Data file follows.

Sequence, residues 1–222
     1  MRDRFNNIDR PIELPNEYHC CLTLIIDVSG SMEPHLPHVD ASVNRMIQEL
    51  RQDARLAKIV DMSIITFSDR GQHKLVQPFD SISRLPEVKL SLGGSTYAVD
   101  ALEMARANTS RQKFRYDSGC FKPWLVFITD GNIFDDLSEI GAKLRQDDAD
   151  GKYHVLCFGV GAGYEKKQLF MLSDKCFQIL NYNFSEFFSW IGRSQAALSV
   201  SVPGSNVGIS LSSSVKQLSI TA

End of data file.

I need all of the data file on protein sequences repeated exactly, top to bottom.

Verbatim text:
Sequence, residues 1–222
     1  MRDRFNNIDR PIELPNEYHC CLTLIIDVSG SMEPHLPHVD ASVNRMIQEL
    51  RQDARLAKIV DMSIITFSDR GQHKLVQPFD SISRLPEVKL SLGGSTYAVD
   101  ALEMARANTS RQKFRYDSGC FKPWLVFITD GNIFDDLSEI GAKLRQDDAD
   151  GKYHVLCFGV GAGYEKKQLF MLSDKCFQIL NYNFSEFFSW IGRSQAALSV
   201  SVPGSNVGIS LSSSVKQLSI TA